Today the pace of urbanisation and climate crisis calls for education to react immediately to its surroundings; young people need more than ever to be included in the production of the world to develop their role in creating the future through resilient practices, agency and their right to the city (Lefebvre 1968). This paper will explore the potential for a hybrid digital place-based pedagogical design methodology based on the learnings from a Participatory Action Research project co-produced with NGO Muktangan School in Mumbai, India between 2012-2017 (Antaki 2021). The interdisciplinary research between design and education used live project architectural methods along with critical pedagogical and co-design techniques to involve young people in designing their environment, facilitated by designers. The aim was to increase their role in the production of their environment, develop practices of citizenship and agency, and foster publicly engaged practices. Place-based education (Gruenewald and Smith 2008) adapts to pressing issues so that young people learn how to sustainably create change. In addition, design has the potential to empower children to challenge development and social injustice (Hart 1995). Digital place-based learning applications are developing, especially in the form of games (Godwin-Jones 2016). We have learnt from the current pandemic that digital tools can cultivate creative forms of collaboration, but can also be limiting, highlighting unequal digital resources that create disadvantages and divides both in the Global North and South (Anand and Lall 2021). However a digital application as a hybrid (both digital and real world) future teaching tool can facilitate interdisciplinary dynamic environmental co-making, combining digital and face-to-face methods of communication in an innovative, fruitful way. This paper investigates and builds on emerging literature around place-based digital learning/teaching tools, exploring opportunities for development of place-based hybrid pedagogies, particularly those that respond to SDG 4.7 Education for Sustainable Development (UNESCO 2016), integrating environmental design into the school curriculum in collaboration with universities.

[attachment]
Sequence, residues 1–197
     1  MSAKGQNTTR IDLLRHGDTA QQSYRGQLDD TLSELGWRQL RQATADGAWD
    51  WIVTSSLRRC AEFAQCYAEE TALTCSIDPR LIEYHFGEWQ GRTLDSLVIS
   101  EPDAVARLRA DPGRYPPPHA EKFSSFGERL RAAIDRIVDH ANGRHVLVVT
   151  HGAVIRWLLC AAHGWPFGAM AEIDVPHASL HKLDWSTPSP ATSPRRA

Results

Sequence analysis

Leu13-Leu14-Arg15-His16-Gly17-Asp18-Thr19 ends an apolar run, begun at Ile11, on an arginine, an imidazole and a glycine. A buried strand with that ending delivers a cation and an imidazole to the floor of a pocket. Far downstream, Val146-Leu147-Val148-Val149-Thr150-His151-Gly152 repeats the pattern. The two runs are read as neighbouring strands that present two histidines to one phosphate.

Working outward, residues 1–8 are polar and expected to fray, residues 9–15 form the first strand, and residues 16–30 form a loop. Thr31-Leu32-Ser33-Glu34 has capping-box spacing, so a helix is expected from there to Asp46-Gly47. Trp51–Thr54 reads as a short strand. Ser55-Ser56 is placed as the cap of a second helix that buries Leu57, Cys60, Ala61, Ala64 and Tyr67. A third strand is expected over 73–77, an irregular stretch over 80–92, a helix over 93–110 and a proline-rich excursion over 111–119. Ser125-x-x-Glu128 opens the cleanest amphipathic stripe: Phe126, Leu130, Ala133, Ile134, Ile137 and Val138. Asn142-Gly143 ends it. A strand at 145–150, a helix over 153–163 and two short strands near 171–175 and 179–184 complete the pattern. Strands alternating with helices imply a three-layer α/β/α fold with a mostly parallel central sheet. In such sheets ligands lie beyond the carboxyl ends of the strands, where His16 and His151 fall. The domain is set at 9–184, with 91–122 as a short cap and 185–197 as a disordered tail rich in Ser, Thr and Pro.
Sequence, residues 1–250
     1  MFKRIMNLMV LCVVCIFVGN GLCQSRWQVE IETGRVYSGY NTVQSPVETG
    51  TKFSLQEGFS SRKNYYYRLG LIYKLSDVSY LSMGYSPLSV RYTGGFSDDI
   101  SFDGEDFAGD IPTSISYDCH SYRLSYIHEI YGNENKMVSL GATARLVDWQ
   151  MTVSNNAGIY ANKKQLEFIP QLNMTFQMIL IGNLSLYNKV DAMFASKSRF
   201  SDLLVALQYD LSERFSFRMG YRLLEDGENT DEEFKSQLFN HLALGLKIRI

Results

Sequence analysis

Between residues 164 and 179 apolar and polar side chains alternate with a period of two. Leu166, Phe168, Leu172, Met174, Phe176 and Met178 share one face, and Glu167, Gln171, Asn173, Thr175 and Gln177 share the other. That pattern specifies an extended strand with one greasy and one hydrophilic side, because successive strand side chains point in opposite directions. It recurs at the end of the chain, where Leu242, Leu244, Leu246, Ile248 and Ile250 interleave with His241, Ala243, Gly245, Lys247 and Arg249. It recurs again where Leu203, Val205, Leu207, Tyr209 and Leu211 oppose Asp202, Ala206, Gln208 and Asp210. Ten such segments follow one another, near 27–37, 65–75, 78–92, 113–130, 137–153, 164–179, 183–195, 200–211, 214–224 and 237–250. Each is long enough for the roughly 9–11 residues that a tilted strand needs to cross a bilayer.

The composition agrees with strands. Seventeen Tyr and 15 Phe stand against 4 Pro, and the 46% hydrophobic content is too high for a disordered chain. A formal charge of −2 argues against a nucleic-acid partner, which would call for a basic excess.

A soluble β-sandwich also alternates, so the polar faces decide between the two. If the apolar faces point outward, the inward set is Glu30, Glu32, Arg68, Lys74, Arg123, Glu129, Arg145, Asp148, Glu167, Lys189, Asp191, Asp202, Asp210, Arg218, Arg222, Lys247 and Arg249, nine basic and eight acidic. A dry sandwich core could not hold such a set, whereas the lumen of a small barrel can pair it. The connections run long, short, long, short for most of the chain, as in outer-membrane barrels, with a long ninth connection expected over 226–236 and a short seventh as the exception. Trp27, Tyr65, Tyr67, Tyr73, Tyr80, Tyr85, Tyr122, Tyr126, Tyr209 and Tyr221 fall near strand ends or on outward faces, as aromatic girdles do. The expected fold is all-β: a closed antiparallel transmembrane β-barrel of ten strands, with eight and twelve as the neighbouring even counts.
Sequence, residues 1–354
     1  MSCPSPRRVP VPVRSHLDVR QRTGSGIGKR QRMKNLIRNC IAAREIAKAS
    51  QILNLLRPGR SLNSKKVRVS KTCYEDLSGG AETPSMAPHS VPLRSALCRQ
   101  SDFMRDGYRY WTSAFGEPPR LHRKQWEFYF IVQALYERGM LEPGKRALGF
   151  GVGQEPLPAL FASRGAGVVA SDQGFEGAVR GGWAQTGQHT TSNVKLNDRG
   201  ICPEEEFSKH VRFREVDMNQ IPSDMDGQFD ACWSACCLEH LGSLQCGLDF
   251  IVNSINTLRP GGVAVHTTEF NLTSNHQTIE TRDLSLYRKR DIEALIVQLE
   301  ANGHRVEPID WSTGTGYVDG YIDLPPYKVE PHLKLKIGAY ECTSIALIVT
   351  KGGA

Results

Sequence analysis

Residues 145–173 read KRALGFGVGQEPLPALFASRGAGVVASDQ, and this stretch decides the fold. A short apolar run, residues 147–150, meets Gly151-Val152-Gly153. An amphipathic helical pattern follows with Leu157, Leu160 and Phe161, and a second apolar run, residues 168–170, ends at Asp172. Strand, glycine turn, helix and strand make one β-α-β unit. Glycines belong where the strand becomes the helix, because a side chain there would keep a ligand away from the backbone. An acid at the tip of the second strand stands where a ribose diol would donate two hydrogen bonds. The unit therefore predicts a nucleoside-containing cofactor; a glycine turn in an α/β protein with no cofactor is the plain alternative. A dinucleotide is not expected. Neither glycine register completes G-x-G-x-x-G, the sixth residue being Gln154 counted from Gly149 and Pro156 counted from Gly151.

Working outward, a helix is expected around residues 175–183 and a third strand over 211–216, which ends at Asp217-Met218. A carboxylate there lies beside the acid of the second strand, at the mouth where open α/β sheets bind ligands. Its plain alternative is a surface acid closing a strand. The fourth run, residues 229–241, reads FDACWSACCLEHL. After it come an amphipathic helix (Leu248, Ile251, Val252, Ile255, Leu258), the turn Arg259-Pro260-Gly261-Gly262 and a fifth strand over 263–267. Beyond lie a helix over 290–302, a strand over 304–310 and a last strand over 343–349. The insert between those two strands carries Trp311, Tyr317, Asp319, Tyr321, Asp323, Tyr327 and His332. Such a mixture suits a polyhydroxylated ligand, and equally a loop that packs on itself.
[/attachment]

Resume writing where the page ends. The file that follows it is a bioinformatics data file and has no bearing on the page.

Dr Nicola Antaki is an architect and researcher specialising in learning, co-design and design for social change. Her work investigates the potential for the city to be a classroom and design to be a teacher. She is currently a WRDTP ESRC postdoctoral fellow at the University of Sheffield School of Architecture, UK. In Mumbai, India and London, UK her work investigates participatory practices and collective design approaches in architecture, both in her research for schoolchildren to (re)design their environment, and in London architectural practice (including Turner Works, We Made That and Cottrell and Vermeulen Architecture). She holds a PhD in Architectural Design from the Bartlett School of Architecture and Development Planning Unit at UCL (2019). Her Collective Design Pedagogy research won the UCL Public Engagement Award in 2018, and she was shortlisted for the RIBA President’s Award in the Cities and Community category in 2021.